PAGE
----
Subject: I have found a DVD that I think you would enjoy
|Berlioz Symphonie Fantastique Harold en Italie / Eschenbach Orchestre de Paris|
Actors: Berlioz, Zimmermann, Orchestre de Paris, Christoph Eschenbach
Genres: Musicals & Performing Arts
Sounds great but utterly unwatchable
Jeffrey White | 01/29/2007
(1 out of 5 stars)
"I have to wonder why this performance was released on DVD at all. The camera work is all hand-held and very unsteady, the picture quality is poor and one gets the impression the director has never been to an orchestral concert before setting up to shoot this one. The Karajan/Berlin DVD's use some odd camera angles but they have nothing on this. Who wants to see an extreme close up of the tip of a violin bow for any extended period of time. With the exception of a few woodwind solos all the action is unseen in favour of skewed shots of Eschenbach (who is a fine contuctor but not engaging to watch as an audience member like Bernsietin, Karajan or especially Abbado) or an extremely wide shot of the orchestra taken from directly above which reveals little of the kineticism of the performance. After devouring the Abbado/Lucrene DVDs this one is beyond disappointing and actually made me angry."
I feel like I'm going to be sick.
M. Bursey | 03/13/2007
(3 out of 5 stars)
"This is orchestral and solo viola playing of the highest calibre. Tabea Zimmerman is a genius and this has got to be the most impressive account of Harlod I have ever heard. Every viola student should own this DVD. What an incredible sound, what technical ease, what musicality. Simply the best.
I have to say something about the camera work. I have never studied cinematography, but I have to say that I really don't like this "approach". This seems like post-modernist bs. Jeff White is right. Who wants to watch a close-up of the tip of a violin bow during a tremolo? Sometimes, the cameras zoom past the musicians for no good reason at all. Sometimes we get a close-up of a musician's nostrils. Sometimes we get to look down the end of a flute. Sometimes we can watch Eschenbach's reflection in the percussion instruments. Sometimes the camera cuts out and comes back in, as if you are looking through a peephole in a door. Sometimes they move the camera to make it seem like you are on a rocking boat. Pardon me while I .... blaaaaaa. Hooray for art?
I am giving this DVD 3 stars on the basis of Tabea's viola playing (5 stars) and the crappy pretentious camera work (1 star)."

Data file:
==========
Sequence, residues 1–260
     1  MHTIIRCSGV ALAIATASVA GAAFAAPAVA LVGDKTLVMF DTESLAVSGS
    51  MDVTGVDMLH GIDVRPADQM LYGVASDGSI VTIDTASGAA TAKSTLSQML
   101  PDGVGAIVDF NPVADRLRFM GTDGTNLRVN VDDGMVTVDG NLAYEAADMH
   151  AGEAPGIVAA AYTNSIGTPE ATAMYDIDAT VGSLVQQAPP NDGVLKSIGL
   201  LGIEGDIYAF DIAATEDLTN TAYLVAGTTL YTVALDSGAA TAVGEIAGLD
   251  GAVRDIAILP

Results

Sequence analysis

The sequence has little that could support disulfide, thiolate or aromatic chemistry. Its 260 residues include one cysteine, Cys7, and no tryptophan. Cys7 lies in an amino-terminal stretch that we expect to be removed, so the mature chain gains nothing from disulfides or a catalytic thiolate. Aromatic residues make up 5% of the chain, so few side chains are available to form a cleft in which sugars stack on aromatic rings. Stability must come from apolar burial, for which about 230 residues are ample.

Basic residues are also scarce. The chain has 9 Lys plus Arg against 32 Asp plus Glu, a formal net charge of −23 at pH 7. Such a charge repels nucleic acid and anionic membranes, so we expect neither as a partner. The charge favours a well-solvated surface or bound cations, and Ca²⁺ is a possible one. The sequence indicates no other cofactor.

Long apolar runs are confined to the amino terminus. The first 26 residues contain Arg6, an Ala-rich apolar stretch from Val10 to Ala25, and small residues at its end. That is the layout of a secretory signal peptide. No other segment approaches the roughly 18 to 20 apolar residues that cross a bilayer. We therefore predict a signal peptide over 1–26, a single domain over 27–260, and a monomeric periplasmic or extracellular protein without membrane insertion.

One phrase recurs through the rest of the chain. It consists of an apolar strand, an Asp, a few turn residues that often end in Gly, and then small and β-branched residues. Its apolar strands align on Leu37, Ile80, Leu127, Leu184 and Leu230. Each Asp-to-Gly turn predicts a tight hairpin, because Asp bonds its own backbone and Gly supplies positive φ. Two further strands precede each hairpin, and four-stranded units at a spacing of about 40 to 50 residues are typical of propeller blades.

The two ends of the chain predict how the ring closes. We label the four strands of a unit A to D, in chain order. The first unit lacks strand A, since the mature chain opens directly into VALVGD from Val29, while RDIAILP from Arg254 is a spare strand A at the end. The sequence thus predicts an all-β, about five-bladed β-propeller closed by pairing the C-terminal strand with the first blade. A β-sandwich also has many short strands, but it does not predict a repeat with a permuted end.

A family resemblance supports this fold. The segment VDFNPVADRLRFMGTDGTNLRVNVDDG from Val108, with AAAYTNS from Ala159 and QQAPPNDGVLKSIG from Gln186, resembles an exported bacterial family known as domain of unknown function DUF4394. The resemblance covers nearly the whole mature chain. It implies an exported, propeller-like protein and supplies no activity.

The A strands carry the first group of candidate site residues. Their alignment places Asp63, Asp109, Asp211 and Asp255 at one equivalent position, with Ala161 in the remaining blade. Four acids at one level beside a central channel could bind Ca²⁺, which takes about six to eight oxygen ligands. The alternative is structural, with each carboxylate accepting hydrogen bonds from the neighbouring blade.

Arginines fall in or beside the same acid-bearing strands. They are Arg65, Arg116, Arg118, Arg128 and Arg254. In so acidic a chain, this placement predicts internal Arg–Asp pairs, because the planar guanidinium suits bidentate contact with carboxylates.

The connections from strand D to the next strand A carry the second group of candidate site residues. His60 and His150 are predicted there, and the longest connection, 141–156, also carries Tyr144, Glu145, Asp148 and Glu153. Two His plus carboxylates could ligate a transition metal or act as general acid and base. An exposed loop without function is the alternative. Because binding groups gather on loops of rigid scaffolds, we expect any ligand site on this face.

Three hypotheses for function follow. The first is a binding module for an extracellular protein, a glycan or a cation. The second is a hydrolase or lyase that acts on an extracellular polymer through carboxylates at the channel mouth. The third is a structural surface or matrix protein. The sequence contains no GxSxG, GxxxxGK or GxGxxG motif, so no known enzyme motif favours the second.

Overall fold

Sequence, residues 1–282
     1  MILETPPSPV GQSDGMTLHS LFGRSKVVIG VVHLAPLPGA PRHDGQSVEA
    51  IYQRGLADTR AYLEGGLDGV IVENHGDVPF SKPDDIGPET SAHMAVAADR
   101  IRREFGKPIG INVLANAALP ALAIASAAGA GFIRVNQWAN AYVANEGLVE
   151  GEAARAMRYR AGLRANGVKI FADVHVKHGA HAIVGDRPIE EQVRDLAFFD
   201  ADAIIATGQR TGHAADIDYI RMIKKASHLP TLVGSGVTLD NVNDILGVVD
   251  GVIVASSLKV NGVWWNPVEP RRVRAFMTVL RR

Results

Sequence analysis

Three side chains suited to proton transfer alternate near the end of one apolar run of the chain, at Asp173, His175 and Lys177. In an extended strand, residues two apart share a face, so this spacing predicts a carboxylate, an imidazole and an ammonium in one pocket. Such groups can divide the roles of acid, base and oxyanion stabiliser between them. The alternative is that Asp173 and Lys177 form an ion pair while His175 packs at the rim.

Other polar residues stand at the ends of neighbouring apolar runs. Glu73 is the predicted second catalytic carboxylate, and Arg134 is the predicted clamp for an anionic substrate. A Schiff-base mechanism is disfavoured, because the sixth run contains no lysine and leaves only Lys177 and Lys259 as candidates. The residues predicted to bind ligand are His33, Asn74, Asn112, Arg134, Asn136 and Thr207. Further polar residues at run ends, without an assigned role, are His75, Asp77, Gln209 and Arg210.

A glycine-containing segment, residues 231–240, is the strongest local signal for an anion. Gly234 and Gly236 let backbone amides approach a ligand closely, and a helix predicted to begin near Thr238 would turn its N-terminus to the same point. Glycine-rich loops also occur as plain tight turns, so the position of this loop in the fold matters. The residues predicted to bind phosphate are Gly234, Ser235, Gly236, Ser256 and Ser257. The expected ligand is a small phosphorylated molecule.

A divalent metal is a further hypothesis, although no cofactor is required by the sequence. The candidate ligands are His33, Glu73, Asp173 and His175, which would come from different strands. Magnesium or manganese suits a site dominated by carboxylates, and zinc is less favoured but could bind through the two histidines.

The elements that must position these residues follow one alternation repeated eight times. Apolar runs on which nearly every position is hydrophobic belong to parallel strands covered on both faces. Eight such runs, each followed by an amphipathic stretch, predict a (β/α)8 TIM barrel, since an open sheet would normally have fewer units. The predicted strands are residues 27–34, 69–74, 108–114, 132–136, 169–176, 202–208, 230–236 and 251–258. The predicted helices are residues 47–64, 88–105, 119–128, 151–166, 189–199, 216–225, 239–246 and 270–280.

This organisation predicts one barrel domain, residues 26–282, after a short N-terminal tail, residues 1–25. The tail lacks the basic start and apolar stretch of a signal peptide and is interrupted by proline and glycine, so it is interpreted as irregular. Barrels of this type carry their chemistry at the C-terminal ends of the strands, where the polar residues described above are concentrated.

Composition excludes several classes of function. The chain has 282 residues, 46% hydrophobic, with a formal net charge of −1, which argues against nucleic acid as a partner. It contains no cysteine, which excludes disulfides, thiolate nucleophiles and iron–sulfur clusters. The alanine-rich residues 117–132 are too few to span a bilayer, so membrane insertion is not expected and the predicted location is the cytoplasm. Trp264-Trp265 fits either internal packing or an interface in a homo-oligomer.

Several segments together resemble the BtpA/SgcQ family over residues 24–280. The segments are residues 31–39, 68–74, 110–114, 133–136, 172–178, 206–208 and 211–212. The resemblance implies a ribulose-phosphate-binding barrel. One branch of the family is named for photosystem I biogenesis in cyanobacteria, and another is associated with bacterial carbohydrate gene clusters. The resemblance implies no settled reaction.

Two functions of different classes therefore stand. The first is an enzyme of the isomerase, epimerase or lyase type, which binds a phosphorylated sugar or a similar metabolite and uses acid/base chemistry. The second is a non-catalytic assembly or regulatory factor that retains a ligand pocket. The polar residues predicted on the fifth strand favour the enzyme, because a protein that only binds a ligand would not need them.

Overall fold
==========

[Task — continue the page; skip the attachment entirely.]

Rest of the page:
It was a mistake to buy
H. H. Wissa | 09/12/2007
(1 out of 5 stars)
"Finally, I got the DVD in my hands after more than 10 days of waiting, since I purchased it, prepared my self to watch one of the most beloved symphony I liked,
The concert started with a very close up to the face of the Maestro then a very close up to his hands, a very close up to his stick, a very close up to the mouth of the blowing instrument players, a very close up to the chin and nose of violin players!!!!!! what is that? Where are the orchestra? Oh finally here are they, but just for couple of seconds, then back to the close ups again, I start to get nervous, can you imagine a nose and chin in 29 inch TV, I took the remote control and shut the TV off, and start to listen to the music, after a while I told my self, wait a minute, I bought a DVD not a CD how come this happened to me, I wish I could refund this DVD and get my money back.
Less than fantastic.
Ian C. Punter | Thailand | 05/14/2007
(3 out of 5 stars)
"This review is possibly superfluous as I fully concur with the previous two reviewers' opinions. I wonder if the conductor and soloist (in Harold), both of them major figures in the current music scene, had any idea what the visuals would consist of? What a terrific coupling, one to whet the appetite, and what a let-down!
I still cling to the outmoded idea that most of us want to see what the conductor is DOING, so why exclude his arms? - and as one of the previous reviewers commented, there are few enough photogenic conductors around to warrant a big close-up! Truth be told there's not much warmth showing in Eschenbach's rather severe demeanour! As for the direction, there's a strong sense of 'aren't I clever?' throughout. It was Berlioz who was clever, astonishingly so, so why not let the music and its interpreters do the talking?
Unlike on CD, where many popular works are recorded over and over, (and we the consumers benefit from having a choice), this is unlikely to be the case on DVD. What company is now going to release another Fantastique or Harold, and in doing so expect to makes any sales? (Unless Abbado has a sudden late-in-life infatuation with Berlioz, and insists on a Bob Coles, a Barry Gavin or a Brian Large, to direct it, in which case I'll get my credit card warmed up!)
It's simple really, a good director has a fair idea of what the viewer wants, and would expect, to see, - the bad director doesn't!
I suspect that if this camera crew had covered the World Cup, we would still be wondering what the goals were like!
After all this carping, I must add that the performances and sound are fine, and it's valuable to have the wonderful Tabea Zimmermann recorded for posterity.